The authors put the call out online, and then asked for 50,000 signatures in two weeks to see if the idea was wanted by the public. They hit their target the same day. In the European elections just four months later they won an incredible 1.25 million votes, gaining five seats in Brussels. I recently met one of those newly elected MEPs, chemist Pablo Echenique:
“My political trajectory is very short. Last December I was a full time scientist, and when I say full time I mean full time; when you are a scientist you not only work Saturdays and Sundays, but also sometimes in your sleep. Then in January, I heard about Podemos, and I thought ‘That’s a good idea,’ so I became involved. It’s shameful that here, in rich Europe, there are people who need to look for food in the garbage. People evicted from their homes. We can and must do better.”
The members that rapidly set up local groups, known as Circles, of which there are now over 1000 throughout Spain and beyond. The circles discussed policies and a programme for the new party, but discussion was also taking place online. From the start, Podemos has seen use of the internet as key to the way they seek to do “citizen politics”.
Everything about the party is completely open – anyone, member or not, can vote on their candidate selection, contribute ideas to their programme or view their accounts. When they held open primaries to select their candidates, they took laptops into the street to allow people to vote, and over 33,000 took part. This allowed many who, aren’t able to be regular meeting attenders, a real chance to participate.
One of the first things the new members did was to hand deliver thousands of letter to neighbours, reading: “This letter has not come to you by mail, because to mail every person in Spain costs €2million. Ask the parties who did mail you where they get their money from. If you’re reading this it’s because someone who lives near you wants to change things for real.”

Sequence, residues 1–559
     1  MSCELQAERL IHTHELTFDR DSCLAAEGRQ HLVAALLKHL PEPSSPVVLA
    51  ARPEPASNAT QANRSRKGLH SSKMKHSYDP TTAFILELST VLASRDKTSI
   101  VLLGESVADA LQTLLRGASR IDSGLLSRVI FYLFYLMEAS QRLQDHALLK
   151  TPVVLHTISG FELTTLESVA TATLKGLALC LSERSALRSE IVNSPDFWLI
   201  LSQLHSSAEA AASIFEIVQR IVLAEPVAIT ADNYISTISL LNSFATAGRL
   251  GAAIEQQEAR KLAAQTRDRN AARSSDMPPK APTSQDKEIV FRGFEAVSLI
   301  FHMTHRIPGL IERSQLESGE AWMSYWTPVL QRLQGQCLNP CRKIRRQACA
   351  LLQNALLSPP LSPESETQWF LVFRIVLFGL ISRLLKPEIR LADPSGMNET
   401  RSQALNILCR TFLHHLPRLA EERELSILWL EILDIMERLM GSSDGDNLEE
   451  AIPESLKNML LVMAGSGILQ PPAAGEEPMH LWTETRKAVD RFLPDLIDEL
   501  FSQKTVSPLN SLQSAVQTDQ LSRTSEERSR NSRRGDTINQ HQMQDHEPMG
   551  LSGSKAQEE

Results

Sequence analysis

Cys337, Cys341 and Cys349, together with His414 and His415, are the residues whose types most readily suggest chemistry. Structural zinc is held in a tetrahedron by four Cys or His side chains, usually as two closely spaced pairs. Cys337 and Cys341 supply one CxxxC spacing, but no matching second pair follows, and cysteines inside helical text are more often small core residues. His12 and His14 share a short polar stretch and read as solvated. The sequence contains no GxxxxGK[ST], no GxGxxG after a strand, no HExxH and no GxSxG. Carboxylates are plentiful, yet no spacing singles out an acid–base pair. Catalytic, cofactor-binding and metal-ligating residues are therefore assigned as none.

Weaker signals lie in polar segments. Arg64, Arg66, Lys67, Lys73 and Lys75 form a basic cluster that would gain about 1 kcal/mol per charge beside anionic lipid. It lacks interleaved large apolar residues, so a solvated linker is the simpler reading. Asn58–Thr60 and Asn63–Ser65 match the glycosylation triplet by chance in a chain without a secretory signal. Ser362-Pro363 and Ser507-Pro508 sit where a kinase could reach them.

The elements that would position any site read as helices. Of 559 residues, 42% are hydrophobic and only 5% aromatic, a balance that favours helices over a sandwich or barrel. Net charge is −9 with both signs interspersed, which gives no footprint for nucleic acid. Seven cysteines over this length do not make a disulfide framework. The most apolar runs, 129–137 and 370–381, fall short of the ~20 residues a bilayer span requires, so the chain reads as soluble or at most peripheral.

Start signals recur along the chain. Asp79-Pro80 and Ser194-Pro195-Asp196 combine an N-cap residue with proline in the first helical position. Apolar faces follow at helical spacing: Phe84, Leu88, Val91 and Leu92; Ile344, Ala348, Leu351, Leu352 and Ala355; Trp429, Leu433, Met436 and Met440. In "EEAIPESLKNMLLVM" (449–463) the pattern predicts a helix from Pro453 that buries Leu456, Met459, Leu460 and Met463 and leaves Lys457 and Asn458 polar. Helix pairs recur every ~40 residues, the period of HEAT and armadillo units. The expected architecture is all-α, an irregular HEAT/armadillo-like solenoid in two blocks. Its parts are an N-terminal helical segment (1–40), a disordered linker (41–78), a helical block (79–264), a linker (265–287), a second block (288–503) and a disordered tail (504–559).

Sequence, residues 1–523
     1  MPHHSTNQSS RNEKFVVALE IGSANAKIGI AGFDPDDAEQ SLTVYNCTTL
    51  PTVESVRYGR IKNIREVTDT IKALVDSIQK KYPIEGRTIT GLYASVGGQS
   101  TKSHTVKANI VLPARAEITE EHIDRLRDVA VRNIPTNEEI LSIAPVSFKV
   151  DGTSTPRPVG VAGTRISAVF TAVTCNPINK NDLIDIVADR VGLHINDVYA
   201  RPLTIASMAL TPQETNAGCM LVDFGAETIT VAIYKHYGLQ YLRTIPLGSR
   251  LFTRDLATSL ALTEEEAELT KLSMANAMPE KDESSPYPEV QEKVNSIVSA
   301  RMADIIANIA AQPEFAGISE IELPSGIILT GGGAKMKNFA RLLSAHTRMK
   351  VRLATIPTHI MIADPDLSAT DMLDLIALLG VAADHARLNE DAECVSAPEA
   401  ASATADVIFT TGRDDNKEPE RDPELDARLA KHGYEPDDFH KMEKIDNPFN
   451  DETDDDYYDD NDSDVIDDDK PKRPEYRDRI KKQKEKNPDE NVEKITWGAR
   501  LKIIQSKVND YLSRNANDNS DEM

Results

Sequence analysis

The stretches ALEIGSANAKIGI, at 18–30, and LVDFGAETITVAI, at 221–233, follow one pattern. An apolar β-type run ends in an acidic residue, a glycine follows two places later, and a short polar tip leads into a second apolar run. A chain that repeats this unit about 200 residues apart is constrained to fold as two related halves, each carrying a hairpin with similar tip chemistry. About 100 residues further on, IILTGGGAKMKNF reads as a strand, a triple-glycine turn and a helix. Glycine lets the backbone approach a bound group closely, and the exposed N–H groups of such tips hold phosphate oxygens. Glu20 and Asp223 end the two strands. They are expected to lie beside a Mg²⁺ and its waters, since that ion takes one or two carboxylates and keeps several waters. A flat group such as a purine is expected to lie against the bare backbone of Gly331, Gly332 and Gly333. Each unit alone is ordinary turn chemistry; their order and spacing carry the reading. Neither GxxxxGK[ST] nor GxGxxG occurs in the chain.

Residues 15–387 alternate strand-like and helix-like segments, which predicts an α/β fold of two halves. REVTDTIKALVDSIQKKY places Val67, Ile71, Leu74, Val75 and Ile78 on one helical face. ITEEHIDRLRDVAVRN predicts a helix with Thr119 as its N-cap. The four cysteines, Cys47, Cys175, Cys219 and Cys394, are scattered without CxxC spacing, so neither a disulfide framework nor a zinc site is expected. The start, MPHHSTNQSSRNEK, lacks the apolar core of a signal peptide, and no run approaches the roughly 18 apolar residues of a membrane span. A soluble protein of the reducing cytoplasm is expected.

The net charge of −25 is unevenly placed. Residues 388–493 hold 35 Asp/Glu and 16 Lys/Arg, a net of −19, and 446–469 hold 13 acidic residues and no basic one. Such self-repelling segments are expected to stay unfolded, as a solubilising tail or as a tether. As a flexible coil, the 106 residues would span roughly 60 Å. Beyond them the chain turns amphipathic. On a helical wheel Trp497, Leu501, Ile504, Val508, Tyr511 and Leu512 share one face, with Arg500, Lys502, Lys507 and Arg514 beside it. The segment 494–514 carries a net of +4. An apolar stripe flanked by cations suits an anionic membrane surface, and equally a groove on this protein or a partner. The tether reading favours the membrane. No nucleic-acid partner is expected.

Their collectively drafted election manifesto calls for both higher wages and a universal basic income; for participatory democracy and the people to be consulted on all important positions; bringing key industries into public ownership; and ending the brutal treatment of migrants on the EU frontiers of the Spanish coast. Their candidates are subject to term limits if elected, and accept only three times the Spanish minimum wage in , the rest being to the party and the movements from which it sprang.
Coming fourth in the European elections, for a party that is only four months old, was an extraordinary achievement. Activists believe just one week more campaigning and the result would have been even more spectacular, such was the volume of support coming in each day of the campaign.
Since the election, they have rocketed up the polls, and currently standing at around 20 per cent. This leaves them poised to overtake the PSOE, the Spanish equivalent of the Labour Party, which has disgusted many voters with its capitulation to EU imposed austerity.
If Podemos can find a way to work together with the United Left (the more traditional party to the left of the PSOE), the possibility of radical left government taking power in Spain at the end of next year is raised. Echenique is confident:
“What will our problems be when we win the election? I think we will win. What can we do about that? We won’t be able to do anything but win. We will have to be responsible and put in place a programme that will improve people’s lives. We have strong restrictions now, our political class are cowards. When they are told what to do, they capitulate. We will not, we will be brave.”
After its wild success, the members of Podemos are currently working hard to collectively develop proposals for the long term structure of such a direct democratic, open, new kind of political party. These will go to their upcoming founding conference. As Echenique puts it: “Now we are discussing franticly. We are running very fast. We plan to keep running fast. Because we have punched these guys in the stomach, and they are out of breath. We will not let them recover their breath. We will keep punching.”
• Read a longer version of this article here